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IAAF Diamond League mid-season review


The IAAF Diamond League has reached the half-way point in the road to the final.

Six meetings have already taken place this year and there are six more to go before the series reaches its climax at the finals in Zurich and Brussels at the end of August.

Already this year there has been several record-breaking performances, a clutch of intense rivalries developing, and several new stars emerging on the world level.

One of the biggest stories to emerge from this year’s series is in the men’s 400m hurdles, where Abderrahman Samba has been on a record-breaking rampage. The Qatari broke the IAAF Diamond League record with 47.57 in Doha, the first meeting of this year’s series, which merely set the tone for the rest of his campaign.

Chased by world champion Karsten Warholm in his next three IAAF Diamond League appearances, Samba won in Rome (47.48), Oslo (47.60) and Stockholm (47.41), twice improving on the mark he set in Doha and taking down the Asian record in the process.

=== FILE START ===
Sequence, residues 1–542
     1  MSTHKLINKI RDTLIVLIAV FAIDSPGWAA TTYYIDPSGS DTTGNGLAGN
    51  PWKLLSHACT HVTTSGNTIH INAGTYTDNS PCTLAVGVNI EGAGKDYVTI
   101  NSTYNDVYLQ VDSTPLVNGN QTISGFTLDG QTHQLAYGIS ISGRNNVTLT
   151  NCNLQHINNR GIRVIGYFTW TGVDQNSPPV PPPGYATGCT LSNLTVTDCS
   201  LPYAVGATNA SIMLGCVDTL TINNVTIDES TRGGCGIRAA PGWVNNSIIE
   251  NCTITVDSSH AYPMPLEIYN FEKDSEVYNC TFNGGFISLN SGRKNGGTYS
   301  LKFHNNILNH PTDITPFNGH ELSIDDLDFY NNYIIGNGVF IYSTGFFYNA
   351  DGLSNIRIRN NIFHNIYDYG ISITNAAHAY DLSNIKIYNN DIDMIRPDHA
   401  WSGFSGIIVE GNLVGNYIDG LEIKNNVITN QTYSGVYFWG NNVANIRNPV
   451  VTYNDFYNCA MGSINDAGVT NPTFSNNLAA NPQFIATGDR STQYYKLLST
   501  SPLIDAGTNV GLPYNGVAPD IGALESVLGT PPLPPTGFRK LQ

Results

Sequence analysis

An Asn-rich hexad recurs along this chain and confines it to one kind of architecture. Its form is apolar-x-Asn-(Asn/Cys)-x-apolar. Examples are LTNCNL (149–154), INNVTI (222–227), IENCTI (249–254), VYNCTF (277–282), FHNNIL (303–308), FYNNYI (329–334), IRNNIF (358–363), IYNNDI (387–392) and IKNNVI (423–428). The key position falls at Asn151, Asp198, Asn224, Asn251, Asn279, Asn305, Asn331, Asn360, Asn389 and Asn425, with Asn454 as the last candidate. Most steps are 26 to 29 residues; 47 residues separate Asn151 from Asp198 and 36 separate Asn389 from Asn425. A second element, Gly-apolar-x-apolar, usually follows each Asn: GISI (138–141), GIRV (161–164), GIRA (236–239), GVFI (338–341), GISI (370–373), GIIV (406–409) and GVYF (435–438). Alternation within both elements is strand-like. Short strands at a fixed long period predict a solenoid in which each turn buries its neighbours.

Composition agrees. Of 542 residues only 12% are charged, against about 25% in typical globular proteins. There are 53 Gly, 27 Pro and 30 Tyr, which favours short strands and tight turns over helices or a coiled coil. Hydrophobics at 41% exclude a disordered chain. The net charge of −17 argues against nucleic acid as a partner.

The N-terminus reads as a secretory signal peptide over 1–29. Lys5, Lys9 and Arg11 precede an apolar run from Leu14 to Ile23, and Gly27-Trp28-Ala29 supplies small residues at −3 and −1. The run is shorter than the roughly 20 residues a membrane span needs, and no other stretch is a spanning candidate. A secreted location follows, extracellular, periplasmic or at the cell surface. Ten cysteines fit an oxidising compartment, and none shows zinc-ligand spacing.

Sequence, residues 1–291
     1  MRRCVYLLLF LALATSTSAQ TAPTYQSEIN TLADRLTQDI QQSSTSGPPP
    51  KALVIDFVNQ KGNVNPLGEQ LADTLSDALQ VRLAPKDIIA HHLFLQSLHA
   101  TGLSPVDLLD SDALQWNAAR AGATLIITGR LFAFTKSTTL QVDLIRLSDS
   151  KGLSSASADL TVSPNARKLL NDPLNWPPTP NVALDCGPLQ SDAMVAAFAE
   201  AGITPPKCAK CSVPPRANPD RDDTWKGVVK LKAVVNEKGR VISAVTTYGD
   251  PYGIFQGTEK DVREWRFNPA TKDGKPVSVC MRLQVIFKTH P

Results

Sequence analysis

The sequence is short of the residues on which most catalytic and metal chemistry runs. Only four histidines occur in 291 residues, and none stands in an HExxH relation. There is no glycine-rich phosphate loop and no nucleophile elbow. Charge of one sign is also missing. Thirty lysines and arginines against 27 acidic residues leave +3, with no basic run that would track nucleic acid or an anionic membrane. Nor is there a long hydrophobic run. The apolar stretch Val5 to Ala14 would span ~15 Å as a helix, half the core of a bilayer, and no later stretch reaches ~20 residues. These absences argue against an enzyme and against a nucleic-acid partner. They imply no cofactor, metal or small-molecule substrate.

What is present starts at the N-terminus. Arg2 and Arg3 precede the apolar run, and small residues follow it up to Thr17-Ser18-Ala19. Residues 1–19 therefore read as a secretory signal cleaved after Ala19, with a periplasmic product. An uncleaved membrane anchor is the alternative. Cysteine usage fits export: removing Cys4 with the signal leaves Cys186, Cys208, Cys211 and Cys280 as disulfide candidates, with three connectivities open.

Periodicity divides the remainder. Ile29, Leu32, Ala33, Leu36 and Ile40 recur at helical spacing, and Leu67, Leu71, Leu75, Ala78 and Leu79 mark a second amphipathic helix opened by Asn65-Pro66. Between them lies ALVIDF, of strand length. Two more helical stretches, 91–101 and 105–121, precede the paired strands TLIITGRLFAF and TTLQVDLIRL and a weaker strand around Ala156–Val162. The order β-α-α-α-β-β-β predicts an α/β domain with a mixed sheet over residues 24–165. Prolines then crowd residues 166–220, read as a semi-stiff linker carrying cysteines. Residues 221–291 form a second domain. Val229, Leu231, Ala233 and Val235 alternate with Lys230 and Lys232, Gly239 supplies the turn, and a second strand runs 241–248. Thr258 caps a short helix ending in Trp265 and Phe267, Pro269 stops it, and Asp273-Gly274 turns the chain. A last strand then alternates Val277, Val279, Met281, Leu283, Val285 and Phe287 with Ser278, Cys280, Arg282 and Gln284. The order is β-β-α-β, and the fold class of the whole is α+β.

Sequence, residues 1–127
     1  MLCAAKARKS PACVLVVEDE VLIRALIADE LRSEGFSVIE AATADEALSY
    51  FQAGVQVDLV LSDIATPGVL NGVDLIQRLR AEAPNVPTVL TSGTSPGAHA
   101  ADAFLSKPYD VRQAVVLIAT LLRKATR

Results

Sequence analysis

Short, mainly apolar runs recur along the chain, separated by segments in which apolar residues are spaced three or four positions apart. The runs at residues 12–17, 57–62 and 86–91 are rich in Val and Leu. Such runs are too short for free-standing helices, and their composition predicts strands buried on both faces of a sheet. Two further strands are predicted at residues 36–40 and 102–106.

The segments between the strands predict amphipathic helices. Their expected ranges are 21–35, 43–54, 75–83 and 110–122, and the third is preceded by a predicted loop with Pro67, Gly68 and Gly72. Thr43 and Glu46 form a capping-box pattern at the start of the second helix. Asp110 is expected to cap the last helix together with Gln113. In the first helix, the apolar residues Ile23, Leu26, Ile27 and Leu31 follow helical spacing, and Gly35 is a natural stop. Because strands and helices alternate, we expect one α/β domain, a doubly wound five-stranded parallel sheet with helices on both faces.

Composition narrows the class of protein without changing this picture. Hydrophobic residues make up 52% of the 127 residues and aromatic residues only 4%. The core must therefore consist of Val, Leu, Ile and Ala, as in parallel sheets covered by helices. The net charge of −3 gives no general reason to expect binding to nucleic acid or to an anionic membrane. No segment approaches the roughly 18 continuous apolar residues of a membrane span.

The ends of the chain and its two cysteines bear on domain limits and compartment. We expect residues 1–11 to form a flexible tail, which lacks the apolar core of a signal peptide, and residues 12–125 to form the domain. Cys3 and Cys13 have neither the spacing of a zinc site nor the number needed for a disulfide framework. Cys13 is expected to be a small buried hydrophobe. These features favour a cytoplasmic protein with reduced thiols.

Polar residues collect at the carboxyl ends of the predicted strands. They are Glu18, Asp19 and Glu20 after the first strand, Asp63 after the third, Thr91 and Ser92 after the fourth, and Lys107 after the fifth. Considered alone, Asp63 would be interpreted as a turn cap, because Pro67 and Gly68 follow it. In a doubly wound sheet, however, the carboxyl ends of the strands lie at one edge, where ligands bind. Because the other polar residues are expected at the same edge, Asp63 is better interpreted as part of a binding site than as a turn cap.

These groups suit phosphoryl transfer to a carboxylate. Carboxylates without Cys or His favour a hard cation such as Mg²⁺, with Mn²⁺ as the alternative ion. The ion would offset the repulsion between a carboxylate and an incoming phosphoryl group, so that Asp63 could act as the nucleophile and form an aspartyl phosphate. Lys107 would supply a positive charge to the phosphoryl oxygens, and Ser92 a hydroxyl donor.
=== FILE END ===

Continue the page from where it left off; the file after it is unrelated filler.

Warholm has been just a couple of strides behind Samba in their three clashes this year and it seems as though it’s just a matter of time before the young Norwegian gains his revenge.

Sandra Perkovic is another athlete who got off to a flying start in the IAAF Diamond League. The Croatian discus thrower produced an IAAF Diamond League record of 71.38m in Doha to win by almost five metres.

IAAF Athlete of the Year Mutaz Essa Barshim has been similarly dominant. After a world-leading 2.40m in Doha, the Qatari high jumper also won in Eugene and Oslo, but world indoor champion Danil Lysenko is getting closer to Barshim with each meeting.

Sprinting events produced most of the highlights in Eugene as Noah Lyles blazed to victory in the men’s 200m in a world-leading 19.69 and Olympic 400m champion Shaunae Miller-Uibo, Lyles’ training partner, won the women’s 400m in 49.52.